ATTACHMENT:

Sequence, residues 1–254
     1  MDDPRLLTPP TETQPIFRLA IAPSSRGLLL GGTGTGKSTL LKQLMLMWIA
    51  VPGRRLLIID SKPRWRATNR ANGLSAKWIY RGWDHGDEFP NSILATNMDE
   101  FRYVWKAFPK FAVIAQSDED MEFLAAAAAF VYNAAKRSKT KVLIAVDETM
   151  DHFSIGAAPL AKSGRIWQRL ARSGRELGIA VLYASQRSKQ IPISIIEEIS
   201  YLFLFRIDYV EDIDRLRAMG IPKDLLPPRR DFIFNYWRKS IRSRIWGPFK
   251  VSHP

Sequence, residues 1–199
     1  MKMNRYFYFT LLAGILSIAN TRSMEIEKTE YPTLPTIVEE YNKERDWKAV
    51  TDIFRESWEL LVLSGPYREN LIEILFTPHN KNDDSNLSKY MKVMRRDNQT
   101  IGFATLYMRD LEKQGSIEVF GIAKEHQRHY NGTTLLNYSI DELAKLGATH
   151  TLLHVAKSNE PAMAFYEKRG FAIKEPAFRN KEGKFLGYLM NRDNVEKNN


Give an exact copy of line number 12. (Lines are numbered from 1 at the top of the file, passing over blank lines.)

   151  TLLHVAKSNE PAMAFYEKRG FAIKEPAFRN KEGKFLGYLM NRDNVEKNN